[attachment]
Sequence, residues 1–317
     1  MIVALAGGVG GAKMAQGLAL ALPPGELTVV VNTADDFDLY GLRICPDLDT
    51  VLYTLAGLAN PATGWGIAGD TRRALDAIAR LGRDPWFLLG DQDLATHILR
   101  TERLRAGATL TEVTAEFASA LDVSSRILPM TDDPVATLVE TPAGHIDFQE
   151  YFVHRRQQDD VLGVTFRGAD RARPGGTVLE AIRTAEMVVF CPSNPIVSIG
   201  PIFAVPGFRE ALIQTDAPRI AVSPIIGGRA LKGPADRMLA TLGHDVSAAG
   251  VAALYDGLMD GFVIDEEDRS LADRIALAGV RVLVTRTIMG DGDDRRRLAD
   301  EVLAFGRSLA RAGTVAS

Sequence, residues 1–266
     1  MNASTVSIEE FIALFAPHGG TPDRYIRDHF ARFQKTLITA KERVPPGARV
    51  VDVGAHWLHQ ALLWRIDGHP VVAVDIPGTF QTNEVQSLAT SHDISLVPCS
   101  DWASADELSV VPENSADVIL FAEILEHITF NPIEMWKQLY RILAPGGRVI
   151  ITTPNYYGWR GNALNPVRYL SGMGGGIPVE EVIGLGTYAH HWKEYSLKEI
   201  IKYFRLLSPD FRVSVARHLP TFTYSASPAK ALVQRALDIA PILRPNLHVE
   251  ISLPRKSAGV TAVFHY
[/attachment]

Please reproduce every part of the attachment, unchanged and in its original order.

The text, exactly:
Sequence, residues 1–317
     1  MIVALAGGVG GAKMAQGLAL ALPPGELTVV VNTADDFDLY GLRICPDLDT
    51  VLYTLAGLAN PATGWGIAGD TRRALDAIAR LGRDPWFLLG DQDLATHILR
   101  TERLRAGATL TEVTAEFASA LDVSSRILPM TDDPVATLVE TPAGHIDFQE
   151  YFVHRRQQDD VLGVTFRGAD RARPGGTVLE AIRTAEMVVF CPSNPIVSIG
   201  PIFAVPGFRE ALIQTDAPRI AVSPIIGGRA LKGPADRMLA TLGHDVSAAG
   251  VAALYDGLMD GFVIDEEDRS LADRIALAGV RVLVTRTIMG DGDDRRRLAD
   301  EVLAFGRSLA RAGTVAS

Sequence, residues 1–266
     1  MNASTVSIEE FIALFAPHGG TPDRYIRDHF ARFQKTLITA KERVPPGARV
    51  VDVGAHWLHQ ALLWRIDGHP VVAVDIPGTF QTNEVQSLAT SHDISLVPCS
   101  DWASADELSV VPENSADVIL FAEILEHITF NPIEMWKQLY RILAPGGRVI
   151  ITTPNYYGWR GNALNPVRYL SGMGGGIPVE EVIGLGTYAH HWKEYSLKEI
   201  IKYFRLLSPD FRVSVARHLP TFTYSASPAK ALVQRALDIA PILRPNLHVE
   251  ISLPRKSAGV TAVFHY